I want to kick off today’s newsletter by saying that it is full of the kind of journalism that takes time. From a major investigation into the Colorado Catholic Church abuse report to explaining the complex (but impactful) world of hospital pricing to an in-depth, interactive guide to the primary election from a Colorado perspective, dozens (hundreds?) of man-hours went into helping the people of this state stay informed.
Your membership is why we can take the time to get it right. Because we work for you and not some shadowy entity more concerned with clicks than impact, we can put in that extra effort. So I just want to say thank you — and encourage you to share this impact by forwarding this Sunriser to people in your life. The more people see this work, the bigger the impact can be.
We can take the time to get it right because we work for our readers, not some distant owners more concerned with clicks than impact. Now is the time to step up and become one of the thousands of Coloradans who support this kind of journalism. For as little as $5/month, you can invest in a more informed community and help tell these stories that would go untold.
OK, let’s shovel this snow (again?!) already, shall we?
The Latest from The Sun
A Denver priest — his dad’s best friend — raped him. The state’s Catholic Church abuse report revealed the secret.
Neil Elms at the back door of his home in Great Barrington, Massachusetts, on Jan. 25, 2020, after he spent hours talking about the abuse he suffered as a child by a priest while in Catholic school. (Joe Amon, Special to The Colorado Sun)
When the Colorado Attorney General’s Office in October released its report on priest abuse in the state’s three Catholic dioceses, the numbers were staggering: 43 priests had abused at least 166 children. But while the investigation was powerful in its breadth of stories, we never really got a sense of just how impactful the abuse was — and continues to be — on people’s lives. Until now.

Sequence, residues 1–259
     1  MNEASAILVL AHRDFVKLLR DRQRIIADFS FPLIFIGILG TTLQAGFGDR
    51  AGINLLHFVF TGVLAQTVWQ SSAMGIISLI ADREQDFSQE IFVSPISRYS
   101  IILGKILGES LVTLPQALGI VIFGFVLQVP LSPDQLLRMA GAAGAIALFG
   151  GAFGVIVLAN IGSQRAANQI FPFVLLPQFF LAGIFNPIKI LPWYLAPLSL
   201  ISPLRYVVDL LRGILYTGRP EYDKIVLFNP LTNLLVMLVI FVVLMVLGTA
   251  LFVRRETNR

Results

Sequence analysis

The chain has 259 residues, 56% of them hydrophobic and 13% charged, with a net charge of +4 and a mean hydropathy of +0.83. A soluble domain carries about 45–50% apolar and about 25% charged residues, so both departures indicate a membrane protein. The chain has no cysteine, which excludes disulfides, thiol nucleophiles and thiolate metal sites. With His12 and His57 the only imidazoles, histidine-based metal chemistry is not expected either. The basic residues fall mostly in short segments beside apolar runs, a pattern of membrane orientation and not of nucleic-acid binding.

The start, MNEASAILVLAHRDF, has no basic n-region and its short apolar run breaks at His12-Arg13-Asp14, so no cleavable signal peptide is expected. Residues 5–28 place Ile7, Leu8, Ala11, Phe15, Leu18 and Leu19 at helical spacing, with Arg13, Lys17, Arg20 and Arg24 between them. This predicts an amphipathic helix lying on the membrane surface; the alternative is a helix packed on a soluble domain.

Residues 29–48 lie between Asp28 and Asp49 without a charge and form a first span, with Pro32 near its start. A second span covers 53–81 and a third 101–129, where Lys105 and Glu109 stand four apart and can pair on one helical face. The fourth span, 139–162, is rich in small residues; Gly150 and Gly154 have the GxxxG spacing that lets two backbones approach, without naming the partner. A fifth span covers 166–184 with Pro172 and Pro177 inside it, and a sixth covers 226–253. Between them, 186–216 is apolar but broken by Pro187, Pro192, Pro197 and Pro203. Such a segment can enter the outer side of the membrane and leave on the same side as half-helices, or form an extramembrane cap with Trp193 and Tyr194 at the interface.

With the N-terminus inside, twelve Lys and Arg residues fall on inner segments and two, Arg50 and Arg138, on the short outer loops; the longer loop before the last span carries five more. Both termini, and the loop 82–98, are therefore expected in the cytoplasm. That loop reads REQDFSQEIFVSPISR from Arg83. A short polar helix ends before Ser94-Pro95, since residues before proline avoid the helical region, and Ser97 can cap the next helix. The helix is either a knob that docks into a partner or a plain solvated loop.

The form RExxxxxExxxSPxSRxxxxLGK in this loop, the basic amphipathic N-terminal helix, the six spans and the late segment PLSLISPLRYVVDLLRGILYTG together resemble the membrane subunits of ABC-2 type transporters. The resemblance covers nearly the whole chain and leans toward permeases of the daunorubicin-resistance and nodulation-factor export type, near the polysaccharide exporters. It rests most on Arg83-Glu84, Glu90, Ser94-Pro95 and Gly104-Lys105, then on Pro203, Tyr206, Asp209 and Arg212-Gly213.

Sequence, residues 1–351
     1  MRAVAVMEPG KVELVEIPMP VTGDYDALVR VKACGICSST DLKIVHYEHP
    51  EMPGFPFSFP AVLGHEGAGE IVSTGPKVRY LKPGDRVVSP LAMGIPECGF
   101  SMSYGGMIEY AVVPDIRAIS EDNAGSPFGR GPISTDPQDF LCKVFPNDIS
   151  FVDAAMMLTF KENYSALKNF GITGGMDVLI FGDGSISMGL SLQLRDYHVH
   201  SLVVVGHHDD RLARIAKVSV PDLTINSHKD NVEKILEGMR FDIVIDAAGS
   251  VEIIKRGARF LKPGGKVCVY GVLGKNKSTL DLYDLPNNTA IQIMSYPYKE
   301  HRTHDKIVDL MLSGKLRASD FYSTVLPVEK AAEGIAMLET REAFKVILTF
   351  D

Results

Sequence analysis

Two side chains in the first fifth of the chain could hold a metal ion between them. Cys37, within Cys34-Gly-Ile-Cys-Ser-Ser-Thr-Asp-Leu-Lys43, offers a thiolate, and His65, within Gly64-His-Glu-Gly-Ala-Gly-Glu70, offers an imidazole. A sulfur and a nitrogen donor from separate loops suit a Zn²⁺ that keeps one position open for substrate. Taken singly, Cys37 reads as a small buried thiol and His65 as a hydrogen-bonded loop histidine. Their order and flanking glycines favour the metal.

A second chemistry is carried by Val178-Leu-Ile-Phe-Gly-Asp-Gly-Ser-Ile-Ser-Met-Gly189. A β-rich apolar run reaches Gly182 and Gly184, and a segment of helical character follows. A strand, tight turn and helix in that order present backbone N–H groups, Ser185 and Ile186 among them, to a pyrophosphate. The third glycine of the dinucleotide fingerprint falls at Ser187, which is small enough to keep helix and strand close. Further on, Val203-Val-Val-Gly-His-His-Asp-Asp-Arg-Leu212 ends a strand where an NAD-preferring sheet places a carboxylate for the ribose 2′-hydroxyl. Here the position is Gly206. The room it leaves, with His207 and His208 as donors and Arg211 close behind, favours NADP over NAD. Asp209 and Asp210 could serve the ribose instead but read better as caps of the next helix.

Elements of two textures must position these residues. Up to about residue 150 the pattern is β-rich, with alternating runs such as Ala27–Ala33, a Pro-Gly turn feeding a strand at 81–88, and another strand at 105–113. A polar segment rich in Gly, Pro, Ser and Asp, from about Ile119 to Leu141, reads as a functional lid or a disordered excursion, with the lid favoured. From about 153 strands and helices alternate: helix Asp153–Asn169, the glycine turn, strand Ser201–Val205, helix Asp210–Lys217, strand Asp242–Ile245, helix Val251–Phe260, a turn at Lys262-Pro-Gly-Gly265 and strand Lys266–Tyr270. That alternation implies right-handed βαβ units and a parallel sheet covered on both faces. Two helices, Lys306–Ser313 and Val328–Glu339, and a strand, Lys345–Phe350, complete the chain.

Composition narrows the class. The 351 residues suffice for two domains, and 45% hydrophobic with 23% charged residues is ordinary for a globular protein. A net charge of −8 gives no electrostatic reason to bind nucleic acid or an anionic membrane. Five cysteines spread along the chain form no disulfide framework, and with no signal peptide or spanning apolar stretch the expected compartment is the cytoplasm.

Reporter Jesse Paul traveled to Massachusetts to hear the story of a man who was raped as an 8-year-old at Holy Family School in northwest Denver. His abuser was not only a high-ranking priest in the Denver Archdiocese, but also his father’s best friend. Take some time today to read Neil Elms’ story. >> STORY & PHOTOS
Bernie Sanders at a Denver rally at the Colorado Convention Center on Sunday, Feb. 16, 2020. (Jesse Paul, The Colorado Sun)
If you’re voting in the Democratic presidential primary, you’ve probably been inundated with messaging from the campaigns by now. But many of the issues can feel a little distant from your life here in Colorado. So we built a tool that lets you explore where the seven leading candidates stand when it comes to issues near and dear to Colorado voters — from public lands and marijuana policy to oil and gas and the electoral college. Go poke around this tool before you fill out that mail-in ballot. >> INTERACTIVE VOTER GUIDE
Author’s note: I built this tool from scratch to showcase John Frank and Brian Eason’s hard work over the past two weeks and I’m very interested in your feedback! What did you like? What didn’t you like? How could this be more useful? Send me an email at email@example.com!
- Here’s a quick summary of where the biggest divides among the Democratic presidential candidates are showing when it comes to Colorado issues. >> STORY